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Women and Diabetes 1

Linda Bobroff 2

Figure 1. 
Figure 1. 

Have you ever heard a busy mom or an active retired woman say, "I know I should get a check-up, but I just can't find the time"? At all ages, women are usually the primary caregivers for their families, but all too often they don't take time to take care of themselves. This can lead to serious problems, especially when a condition like diabetes is left undetected. Diabetes affects an estimated 15 million women in the US, and about 1 in 4 are unaware that they have the disease (United States Food and Drug Administration, 2002). Left untreated, diabetes can cause health complications such as blindness, amputations, kidney disease, and heart disease. The good news is that controlling blood sugar can decrease risk for these conditions, but women need to first be aware that they have the disease.

More women than men have diabetes because they live longer and are more likely to be overweight. Diabetes risk increases with age, although type 2 diabetes is occurring in younger and younger people as obesity rates increase.

The Food and Drug Administration's Office of Women's Health has an educational campaign called Take Time to Care about Diabetes, which teaches women about diabetes risk factors and warning signs, and encourages them to get tested for the disease. More information about diabetes is available at To do the best for ourselves and for our families, we all should take time to care about our health.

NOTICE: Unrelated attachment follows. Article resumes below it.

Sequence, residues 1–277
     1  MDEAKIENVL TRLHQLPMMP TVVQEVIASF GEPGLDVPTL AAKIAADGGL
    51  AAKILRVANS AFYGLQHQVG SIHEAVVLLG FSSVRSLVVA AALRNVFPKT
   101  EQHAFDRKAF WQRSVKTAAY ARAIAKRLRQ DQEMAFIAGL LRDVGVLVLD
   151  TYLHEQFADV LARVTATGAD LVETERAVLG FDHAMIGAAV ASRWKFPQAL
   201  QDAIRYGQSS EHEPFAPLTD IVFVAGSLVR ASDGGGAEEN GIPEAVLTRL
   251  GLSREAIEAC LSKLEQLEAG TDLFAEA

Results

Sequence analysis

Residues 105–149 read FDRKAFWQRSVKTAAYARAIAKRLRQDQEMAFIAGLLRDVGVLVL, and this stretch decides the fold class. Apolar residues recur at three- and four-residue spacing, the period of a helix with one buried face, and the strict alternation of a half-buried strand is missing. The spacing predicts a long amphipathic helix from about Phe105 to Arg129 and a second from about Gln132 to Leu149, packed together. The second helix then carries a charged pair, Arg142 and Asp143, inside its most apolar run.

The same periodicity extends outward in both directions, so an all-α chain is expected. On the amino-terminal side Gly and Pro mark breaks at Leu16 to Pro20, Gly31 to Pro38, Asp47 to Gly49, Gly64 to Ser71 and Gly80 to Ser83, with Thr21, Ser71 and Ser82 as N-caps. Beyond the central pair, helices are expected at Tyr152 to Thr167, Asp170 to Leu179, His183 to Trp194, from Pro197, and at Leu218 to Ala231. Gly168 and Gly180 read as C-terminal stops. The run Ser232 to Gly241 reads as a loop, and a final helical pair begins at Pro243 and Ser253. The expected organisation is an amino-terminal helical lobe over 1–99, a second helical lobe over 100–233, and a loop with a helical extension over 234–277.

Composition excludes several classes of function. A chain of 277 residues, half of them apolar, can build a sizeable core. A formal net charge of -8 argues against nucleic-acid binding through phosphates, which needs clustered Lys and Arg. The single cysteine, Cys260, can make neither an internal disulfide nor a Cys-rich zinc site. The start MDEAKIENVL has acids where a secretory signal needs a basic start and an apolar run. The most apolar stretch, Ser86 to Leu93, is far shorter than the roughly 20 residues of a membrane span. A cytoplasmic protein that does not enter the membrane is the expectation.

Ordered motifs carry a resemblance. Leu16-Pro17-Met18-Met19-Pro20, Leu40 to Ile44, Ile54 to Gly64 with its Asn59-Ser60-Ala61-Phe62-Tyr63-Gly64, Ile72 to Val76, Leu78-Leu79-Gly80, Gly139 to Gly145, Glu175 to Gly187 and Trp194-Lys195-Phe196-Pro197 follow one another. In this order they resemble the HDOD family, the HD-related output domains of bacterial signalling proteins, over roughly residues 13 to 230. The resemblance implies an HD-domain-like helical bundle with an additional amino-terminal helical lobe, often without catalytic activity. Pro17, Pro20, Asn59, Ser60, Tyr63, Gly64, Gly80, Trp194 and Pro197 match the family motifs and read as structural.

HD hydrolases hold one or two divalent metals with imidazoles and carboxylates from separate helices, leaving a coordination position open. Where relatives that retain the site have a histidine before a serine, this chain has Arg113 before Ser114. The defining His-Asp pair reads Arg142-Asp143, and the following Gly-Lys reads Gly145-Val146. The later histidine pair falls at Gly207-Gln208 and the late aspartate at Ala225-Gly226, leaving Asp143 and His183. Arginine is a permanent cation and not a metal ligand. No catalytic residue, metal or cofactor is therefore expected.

Listening, learning, and living together: it's the science of life. "Family Album" is a co-production of UF/IFAS Extension, the UF/IFAS Department of Family, Youth and Community Sciences, and of WUFT-FM. If you'd like to learn more, please visit our website at

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Centers for Disease Control and Prevention. (2017). National Diabetes Statistics Report, 2017. (February 2018)


1. This document is FAR8023, one of a series of the Department of Family, Youth and Community Sciences Department, UF/IFAS Extension. Original publication date February 2008. Reviewed February 2018. Visit the EDIS website at In the interest of time and/or clarity, the broadcast version of this script may have been modified.
2. Linda Bobroff, professor, Department of Family, Youth and Community Sciences; UF/IFAS Extension, Gainesville, FL 32611.

Publication #FAR8023

Date: 2/13/2018

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